College of Education faculty member will be featured guest on PBS Hawaiʻi show on Jan. 26

University of Hawaiʻi at Mānoa
Jennifer Parks, (808) 956-0416
Communications Coordinator, College of Education
Posted: Jan 7, 2016

Linda Furuto, at right, is interviewed by Leslie Wilcox in a Jan. 26 airing of Long Story Short.
Linda Furuto, at right, is interviewed by Leslie Wilcox in a Jan. 26 airing of Long Story Short.

Linda Furuto, an Associate Professor of Mathematics Education in the UH Mānoa College of Education (COE), will be interviewed on PBS Hawaiʻi’s Long Story Short on Tuesday, January 26.  The episode will air at 7:30 p.m.  

In the weekly sit-down talk show hosted by PBS Hawaiʻi President and CEO Leslie Wilcox, intriguing people with inspiring stories are spotlighted.  Furuto was invited to appear for her significant contributions to the community, as well as her sensitivity and attentiveness to culture and education, among her numerous other endeavors.                                                              

Furuto joined the COE Department of Curriculum Studies in 2013 after serving as Associate Professor of Mathematics at UH West Oʻahu, where she gained distinction for building the mathematics program and her Ethnomathematics Institute. Featured in numerous print, radio and television media over the past eight years, the institute addresses issues of equitable and quality education through the exploration of culturally responsive, place-based STEM.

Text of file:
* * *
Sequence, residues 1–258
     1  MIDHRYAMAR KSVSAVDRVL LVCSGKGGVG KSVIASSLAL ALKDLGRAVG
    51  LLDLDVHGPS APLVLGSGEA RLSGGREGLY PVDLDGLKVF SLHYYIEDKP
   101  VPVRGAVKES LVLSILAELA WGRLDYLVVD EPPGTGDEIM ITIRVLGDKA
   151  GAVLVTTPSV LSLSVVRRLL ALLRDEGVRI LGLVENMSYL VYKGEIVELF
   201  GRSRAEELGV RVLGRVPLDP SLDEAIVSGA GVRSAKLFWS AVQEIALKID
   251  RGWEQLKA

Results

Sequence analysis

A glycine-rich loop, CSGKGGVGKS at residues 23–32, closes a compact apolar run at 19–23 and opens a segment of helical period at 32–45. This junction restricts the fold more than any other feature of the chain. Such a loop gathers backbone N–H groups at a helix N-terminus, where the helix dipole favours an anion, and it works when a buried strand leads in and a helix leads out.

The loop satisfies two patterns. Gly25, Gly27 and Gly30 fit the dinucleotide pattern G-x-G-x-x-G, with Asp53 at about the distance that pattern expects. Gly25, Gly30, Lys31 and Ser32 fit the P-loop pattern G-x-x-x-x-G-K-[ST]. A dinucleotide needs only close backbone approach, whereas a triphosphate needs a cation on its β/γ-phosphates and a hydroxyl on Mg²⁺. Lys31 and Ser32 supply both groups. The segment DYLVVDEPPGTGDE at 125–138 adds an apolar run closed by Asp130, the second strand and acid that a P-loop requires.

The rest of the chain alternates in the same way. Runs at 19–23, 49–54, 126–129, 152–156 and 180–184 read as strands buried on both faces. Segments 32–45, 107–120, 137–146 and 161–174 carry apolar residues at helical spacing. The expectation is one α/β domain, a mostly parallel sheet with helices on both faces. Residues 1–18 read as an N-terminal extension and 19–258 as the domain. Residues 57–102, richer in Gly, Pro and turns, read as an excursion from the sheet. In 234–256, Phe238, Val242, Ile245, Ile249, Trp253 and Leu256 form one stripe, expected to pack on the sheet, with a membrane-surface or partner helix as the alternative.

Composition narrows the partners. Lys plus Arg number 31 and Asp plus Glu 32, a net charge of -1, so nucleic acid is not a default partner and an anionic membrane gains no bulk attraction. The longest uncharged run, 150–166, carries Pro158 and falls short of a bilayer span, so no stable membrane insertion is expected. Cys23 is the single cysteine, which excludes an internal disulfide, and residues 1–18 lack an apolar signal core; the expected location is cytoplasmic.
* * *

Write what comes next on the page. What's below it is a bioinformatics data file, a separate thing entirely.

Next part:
Furuto has incorporated the Hōkūle‘a Worldwide Voyage into the institute’s P-20 curriculum. An integral part of the voyage, Furuto served on the first international leg from Hawai‘i to Tahiti as apprentice navigator and education specialist, while liaising with the students and faculty of the COE. Since then, she has voyaged on subsequent legs to American Sāmoa, Sāmoa, Olohega (Swain’s Island), Aotearoa (New Zealand) and South Africa.

During the PBS segment, Furuto focused on themes such as the importance of ʻohana and values; servant leadership and being stewards of the land; engaging in lifelong learning and teaching; embracing changing winds; and navigating past, present and future visions.

“One of the most important lessons I have learned is about reciprocity,” she stated. “We would not be here without the people and land that raised us to embrace this generation and time. It is our inherited privilege, gift, and responsibility to give back to Island Earth for those to come.”

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